Several types of log and state files are being kept by the HC tool:

  1. log file of the main script itself. Provides a chronological detail of all script runs
  1. hc.log: log file containing a formatted records of HC executions and results. Standard format is as follows:
<timestamp>|<hc plugin>|<hc result or STC>|<hc details>|<fail id>

For example:

2016-04-11 15:17:00|check_hpux_sg_package_status|0|'postfix:status=up' has correct value
2016-04-11 15:17:00|check_hpux_sg_package_status|0|'postfix:state=running' has correct value
2016-04-11 15:17:00|check_hpux_sg_package_status|0|'postfix:autorun=enabled' has correct value
2016-04-11 15:17:00|check_hpux_sg_package_status|0|'ovpm:status=up' has correct value
2016-04-11 15:17:00|check_hpux_sg_package_status|0|'ovpm:state=running' has correct value
2016-04-11 15:17:00|check_hpux_sg_package_status|0|'ovpm:autorun=enabled' has correct value
2016-04-11 15:20:01|check_hpux_ioscan|0|no problems detected by /usr/sbin/ioscan
2016-04-11 15:27:00|check_hpux_sg_cluster_status|0|'status=up' has correct value
2016-04-11 15:27:00|check_hpux_sg_cluster_status|0|'state=stable' has correct value
2016-04-11 15:42:01|check_hpux_ovpa_status|0|scopeux is running
2016-04-11 15:42:01|check_hpux_ovpa_status|0|midaemon is running
2016-04-11 15:42:01|check_hpux_ovpa_status|0|perfalarm is running

A HC result (or STC) of:

  • <>0: indicates that the corresponding HC has failed (~problems)
  • 0: indicates that the corresponding HC did not detect any issues.
  1. Event files: upon HC failure, a FAIL_ID will be generated (=timestamp). Such FAIL_ID is used to generate an event and corresponding evidence of the event. Typically this will lead to STDOUT/STDERR information gathered during the HC being saved into a separate event directory. For example:
# /var/opt/hc/events # cd 2016-04/20160417030000
# /var/opt/hc/events/2016-04/20160417030000 # ls -l
total 16
-rw-r--r--   1 root       sys              0 Apr 17 03:00 check_hpux_root_crontab.stderr.log
-rw-r--r--   1 root       sys           3247 Apr 17 03:00 check_hpux_root_crontab.stdout.log

In this example the FAIL_ID is 20160417030000 and can be used to retrace the event also in the hc.log:

# /var/opt/hc # grep "20160417030000" hc.log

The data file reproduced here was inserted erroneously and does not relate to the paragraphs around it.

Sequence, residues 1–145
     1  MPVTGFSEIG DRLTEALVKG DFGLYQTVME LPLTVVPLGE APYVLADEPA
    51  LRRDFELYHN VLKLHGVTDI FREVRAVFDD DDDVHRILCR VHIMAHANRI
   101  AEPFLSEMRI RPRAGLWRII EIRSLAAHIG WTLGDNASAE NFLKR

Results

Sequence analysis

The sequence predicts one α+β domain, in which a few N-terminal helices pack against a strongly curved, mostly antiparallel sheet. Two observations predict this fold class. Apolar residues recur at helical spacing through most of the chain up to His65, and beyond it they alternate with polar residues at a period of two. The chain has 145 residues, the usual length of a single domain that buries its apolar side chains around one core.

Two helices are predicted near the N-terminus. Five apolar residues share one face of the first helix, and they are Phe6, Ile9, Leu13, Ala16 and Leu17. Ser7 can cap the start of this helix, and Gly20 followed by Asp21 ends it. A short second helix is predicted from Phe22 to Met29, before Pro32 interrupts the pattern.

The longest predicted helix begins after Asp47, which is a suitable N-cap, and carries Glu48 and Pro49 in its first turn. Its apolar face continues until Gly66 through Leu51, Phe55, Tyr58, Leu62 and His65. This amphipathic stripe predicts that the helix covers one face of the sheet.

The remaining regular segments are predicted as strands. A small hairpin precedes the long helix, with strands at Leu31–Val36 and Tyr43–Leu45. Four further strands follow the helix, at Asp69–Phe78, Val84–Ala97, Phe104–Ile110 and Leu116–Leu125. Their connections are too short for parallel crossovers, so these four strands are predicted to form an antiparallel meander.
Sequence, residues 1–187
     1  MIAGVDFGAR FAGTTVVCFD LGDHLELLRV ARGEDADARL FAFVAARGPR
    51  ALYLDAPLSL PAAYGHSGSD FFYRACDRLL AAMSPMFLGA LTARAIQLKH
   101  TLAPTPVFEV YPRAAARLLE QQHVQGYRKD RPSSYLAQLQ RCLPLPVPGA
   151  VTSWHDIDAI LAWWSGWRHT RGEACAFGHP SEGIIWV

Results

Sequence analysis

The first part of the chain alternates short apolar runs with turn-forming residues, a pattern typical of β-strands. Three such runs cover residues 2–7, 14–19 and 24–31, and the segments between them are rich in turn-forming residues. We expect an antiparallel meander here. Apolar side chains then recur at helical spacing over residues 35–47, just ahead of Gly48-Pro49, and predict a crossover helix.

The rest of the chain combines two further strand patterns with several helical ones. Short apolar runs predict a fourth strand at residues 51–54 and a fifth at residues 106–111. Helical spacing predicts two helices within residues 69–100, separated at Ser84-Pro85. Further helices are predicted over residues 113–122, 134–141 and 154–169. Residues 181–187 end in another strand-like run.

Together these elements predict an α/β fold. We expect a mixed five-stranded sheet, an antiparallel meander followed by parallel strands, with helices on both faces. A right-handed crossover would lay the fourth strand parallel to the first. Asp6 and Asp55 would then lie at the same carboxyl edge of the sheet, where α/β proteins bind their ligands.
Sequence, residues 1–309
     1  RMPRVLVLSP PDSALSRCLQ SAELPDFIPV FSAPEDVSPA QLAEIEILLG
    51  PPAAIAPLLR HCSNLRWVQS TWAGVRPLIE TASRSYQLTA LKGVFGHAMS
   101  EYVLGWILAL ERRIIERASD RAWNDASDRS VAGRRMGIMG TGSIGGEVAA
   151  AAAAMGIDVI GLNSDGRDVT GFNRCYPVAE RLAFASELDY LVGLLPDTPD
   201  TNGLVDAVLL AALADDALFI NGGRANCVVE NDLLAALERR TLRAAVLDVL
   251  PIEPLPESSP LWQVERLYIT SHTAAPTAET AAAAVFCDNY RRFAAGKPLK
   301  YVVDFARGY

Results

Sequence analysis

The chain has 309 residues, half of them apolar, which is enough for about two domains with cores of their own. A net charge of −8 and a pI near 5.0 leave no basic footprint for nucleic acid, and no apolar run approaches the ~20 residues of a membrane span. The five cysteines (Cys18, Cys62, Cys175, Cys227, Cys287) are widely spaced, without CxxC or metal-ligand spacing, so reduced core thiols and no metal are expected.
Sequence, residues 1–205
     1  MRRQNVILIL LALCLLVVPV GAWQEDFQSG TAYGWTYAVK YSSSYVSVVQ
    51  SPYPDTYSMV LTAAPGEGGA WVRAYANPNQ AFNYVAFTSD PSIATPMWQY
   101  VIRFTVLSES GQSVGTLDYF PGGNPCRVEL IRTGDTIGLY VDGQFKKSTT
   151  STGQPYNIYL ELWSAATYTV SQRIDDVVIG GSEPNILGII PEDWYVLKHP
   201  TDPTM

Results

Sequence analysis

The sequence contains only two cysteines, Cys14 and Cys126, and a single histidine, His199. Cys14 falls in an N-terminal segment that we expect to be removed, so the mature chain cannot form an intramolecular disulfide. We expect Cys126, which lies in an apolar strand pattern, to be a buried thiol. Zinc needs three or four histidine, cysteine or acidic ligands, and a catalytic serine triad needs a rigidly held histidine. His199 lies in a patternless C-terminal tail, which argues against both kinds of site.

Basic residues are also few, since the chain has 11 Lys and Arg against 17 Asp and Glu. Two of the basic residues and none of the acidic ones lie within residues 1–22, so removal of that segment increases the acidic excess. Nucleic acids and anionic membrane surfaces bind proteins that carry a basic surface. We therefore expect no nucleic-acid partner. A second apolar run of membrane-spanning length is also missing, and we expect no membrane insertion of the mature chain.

2016-04-17 03:00:00|check_hpux_root_crontab|1|'/opt/ignite/bin/make_net_recovery -u -v -s igniteA' is not configured in cron|20160417030000

Events are organized in separate directories per month-year (e.g. 2016-04) to avoid cluttering of a single directory.

  1. State files: some plugins may require the use of a state or intermediary file(s) to retain info between checks. Such files are placed in the location pointed to by the STATE_DIR setting. This location is also used for the enablement/disablement feature of HC plugins themselves. Never clean such files unless you know what you are doing

Logging control


Logging can be ad-hoc switched off by using the --no-log script option. This will run the health checker in a preview or dry-run mode. The actual health check(s) will be executed but no results will be logged


This option can be enabled via 2 ways:

  • command-line option --log-healthy
  • plugin configuration parameter log_healthy (note that not all plugins support this option, see --list)

The --log-healthy option will control the logging (and display) of passed health checks (aka healthy health checks). Most of the plugins will only log/show failed health checks (but this is dependent on the plugin code also).

You can combine the --log_healthy option with the --no-log command-line option to toggle messages being displayed but not being logged. --no-log always takes highest precedence.

:warning: Your HC log file may grow very quickly though when passed health checks are also logged.